Published online by Cambridge University Press: 19 May 2010
Most of the pulmonary diseases present in the elderly also exist in younger patients; however, the incidence and presentation of these diseases can differ greatly between these two age groups. Elderly patients tend to have other comorbidities that can increase the difficulty with which diagnoses are made and interfere with recovery. This is particularly true when disease processes advance to cause respiratory failure.
PHYSIOLOGICAL CHANGE WITH AGING
Changes to the respiratory system occur with aging that have an impact on pulmonary reserve and decrease the respiratory system's ability to respond to physiological stress and disease. These “normal aging” changes are mild and usually not clinically relevant in the healthy state. The changes discussed later should never limit a patient's usual activity or cause significant dyspnea at rest in the absence of lung disease.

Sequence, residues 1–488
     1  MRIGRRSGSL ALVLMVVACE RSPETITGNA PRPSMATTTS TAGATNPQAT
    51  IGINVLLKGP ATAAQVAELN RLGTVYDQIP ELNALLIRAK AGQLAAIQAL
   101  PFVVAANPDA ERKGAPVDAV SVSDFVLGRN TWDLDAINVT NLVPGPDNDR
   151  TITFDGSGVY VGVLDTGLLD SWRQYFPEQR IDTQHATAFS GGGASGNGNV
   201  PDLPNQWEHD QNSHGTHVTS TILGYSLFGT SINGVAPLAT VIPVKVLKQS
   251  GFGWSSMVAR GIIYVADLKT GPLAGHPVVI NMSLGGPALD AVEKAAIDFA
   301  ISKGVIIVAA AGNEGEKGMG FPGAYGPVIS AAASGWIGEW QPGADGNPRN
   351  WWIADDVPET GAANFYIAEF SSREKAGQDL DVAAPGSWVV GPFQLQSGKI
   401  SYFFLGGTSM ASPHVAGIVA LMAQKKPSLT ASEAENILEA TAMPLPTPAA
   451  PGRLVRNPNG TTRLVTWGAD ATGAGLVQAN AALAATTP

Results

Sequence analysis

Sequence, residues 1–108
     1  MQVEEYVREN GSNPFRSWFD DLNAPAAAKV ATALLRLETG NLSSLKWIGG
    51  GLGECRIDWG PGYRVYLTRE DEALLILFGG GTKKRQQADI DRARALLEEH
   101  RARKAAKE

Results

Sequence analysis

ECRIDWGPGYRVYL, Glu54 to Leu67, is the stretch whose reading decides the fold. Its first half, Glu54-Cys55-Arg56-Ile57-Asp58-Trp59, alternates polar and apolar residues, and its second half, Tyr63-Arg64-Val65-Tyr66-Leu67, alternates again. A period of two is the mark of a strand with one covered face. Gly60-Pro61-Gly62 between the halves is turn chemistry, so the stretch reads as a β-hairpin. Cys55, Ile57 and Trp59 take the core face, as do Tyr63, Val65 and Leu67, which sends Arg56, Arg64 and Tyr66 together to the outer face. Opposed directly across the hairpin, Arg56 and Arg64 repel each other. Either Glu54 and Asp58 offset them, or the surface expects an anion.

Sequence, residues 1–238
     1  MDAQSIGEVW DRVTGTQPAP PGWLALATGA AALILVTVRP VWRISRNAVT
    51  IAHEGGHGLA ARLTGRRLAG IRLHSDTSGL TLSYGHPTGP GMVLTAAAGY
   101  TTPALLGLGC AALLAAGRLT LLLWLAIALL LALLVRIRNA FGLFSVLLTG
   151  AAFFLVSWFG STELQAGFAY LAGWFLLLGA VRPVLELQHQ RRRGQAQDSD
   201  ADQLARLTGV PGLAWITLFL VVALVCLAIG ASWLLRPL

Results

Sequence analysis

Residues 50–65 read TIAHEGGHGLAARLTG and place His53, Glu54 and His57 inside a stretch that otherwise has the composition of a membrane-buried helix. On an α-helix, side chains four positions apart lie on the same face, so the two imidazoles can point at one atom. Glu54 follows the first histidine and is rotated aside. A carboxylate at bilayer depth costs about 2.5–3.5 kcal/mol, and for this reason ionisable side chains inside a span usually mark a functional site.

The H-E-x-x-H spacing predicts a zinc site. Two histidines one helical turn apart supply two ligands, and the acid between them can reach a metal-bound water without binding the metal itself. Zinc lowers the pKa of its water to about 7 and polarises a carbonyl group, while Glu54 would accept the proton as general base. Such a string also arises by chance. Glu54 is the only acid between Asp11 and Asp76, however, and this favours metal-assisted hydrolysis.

As a patient ages, elastic tissue in the lung is replaced by collagen. This change results in smaller airway size. Airway diameter decreases significantly after the fourth decade, resulting in increased air trapping as small airways collapse at end expiration. The alveolar–arterial oxygen gradient increases with advancing age because of a number of factors including increased collagen deposition in the walls of alveoli, changes in alveolar structure, and decreased alveolar surface area. The thoracic cage and respiratory muscles also change with age. Arthritis of the costovertebral joints, kyphoscoliosis, and calcification of intercostal cartilage result in decreased chest wall compliance and increased stiffness.